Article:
This site is intended for health professionals only
Tuesday 27 September 2016
Share |

Reforms 'unlikely' to achieve integration

GPs have "fundamental concerns" about how clinical commissioning groups (CCGs) will operate and most doubt integration of services will increase under the NHS reforms in England, according to a survey of 400 family doctors.

Most (85%) respondents worry they do not have the skills necessary to handle their new commissioning roles and 90% have "real concerns" about their legal liabilities as members of a CCG.

Almost a third of respondents also believe the government's target date of April 2013 for when CCGs will take control from their PCT is "unachievable".

The survey also found that 82% of GP respondents feel they are "unlikely" to achieve a key element of the planned NHS reforms in providing effective integration of a patient's medical needs.

"It is clear that GPs have fundamental concerns about how CCGs will operate at a grass-roots level," said Andrew Lentin, Partner at management consultancy firm Kurt Salmon, which commissioned the survey with law firm DMH Stallard LLP.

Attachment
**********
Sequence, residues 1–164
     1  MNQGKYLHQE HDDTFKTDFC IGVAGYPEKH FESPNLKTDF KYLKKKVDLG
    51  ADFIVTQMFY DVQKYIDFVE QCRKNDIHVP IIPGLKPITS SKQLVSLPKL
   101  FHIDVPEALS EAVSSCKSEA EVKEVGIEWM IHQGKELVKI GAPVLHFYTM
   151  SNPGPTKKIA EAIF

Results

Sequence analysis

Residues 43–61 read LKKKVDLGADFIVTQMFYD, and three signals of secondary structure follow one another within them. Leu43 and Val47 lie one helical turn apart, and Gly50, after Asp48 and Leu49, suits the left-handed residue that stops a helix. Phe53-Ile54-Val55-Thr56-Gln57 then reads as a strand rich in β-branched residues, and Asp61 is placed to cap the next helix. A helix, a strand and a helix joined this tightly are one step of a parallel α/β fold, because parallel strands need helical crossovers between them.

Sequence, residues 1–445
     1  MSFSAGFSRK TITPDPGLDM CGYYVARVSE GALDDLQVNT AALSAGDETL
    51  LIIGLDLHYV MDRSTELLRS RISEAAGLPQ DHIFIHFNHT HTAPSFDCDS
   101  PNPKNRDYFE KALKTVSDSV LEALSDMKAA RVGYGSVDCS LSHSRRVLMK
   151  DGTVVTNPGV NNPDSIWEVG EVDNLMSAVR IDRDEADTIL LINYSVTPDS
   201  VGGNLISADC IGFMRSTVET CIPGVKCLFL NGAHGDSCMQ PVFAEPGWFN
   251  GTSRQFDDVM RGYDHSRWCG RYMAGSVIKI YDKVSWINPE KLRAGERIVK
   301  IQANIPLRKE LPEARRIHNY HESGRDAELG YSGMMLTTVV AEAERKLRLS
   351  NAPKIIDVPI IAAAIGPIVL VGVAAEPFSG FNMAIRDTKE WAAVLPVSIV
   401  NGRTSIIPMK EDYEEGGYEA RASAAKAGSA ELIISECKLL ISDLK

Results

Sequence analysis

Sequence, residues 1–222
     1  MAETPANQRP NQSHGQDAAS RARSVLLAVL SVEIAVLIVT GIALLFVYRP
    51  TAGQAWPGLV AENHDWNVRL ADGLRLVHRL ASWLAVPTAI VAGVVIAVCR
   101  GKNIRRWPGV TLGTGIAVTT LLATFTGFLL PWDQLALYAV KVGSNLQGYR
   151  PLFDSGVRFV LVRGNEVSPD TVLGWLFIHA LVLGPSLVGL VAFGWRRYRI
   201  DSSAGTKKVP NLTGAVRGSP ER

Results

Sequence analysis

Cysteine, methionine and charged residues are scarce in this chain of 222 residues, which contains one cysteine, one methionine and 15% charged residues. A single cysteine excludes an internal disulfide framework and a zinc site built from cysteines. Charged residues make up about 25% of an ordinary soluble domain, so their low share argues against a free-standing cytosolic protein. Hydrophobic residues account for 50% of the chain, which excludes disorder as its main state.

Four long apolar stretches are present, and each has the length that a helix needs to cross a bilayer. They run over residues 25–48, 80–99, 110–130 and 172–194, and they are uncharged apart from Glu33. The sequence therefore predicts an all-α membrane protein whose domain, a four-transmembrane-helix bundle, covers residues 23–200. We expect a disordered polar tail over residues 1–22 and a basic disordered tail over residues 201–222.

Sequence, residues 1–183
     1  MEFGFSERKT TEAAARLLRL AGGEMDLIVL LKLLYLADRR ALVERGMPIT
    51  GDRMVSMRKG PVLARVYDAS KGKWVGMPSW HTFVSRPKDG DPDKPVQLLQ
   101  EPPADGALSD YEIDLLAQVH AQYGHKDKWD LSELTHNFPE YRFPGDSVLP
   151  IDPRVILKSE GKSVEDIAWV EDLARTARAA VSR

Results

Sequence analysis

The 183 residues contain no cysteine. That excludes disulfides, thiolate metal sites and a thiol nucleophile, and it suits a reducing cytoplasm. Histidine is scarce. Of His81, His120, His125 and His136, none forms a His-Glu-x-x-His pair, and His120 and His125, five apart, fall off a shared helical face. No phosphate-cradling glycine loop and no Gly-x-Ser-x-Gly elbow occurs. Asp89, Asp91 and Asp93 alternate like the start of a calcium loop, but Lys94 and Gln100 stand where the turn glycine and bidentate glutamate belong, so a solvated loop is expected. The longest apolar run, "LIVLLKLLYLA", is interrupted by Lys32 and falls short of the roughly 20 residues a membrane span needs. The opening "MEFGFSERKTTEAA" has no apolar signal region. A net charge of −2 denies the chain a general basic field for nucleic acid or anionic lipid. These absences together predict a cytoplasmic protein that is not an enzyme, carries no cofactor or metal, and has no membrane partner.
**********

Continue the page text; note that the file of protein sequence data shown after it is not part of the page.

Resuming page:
"Fears about the financial management of CCGs together with the delivery of integrated services to patients demonstrate a serious mismatch between government expectations and the GP community who will bear the responsibility for implementing the reforms."

Nearly three-quarters of GPs (72%) admitted they have no experience in areas like data management, costing clinical services, negotiating with providers, procurement law, and contract and financial management.

Furthermore, some 50% of GPs said they have yet to formally create a CCG, and of those which had, almost three-quarters either "don't know" or "doubt" their CCG leaders could successfully control commissioning budgets.

Do you think there is a "mismatch" between the government's expectations and GP capabilities? Your comments (terms and conditions apply):

"Nigel has hit the nail on the head - GPs will have to delegate the work to their Practice Managers and others. Will GPs "retain control and set the vision"?  No chance!" - John Woolgrove, Kent

"No, I don't. The trick is to devolve and subcontract work to others but retain control and set the vision. Practice managers have the skills to set up suitable support networks and even run Commissioning Support Units as colleagues have started to demonstrate" – Nigel Grinstead, Surrey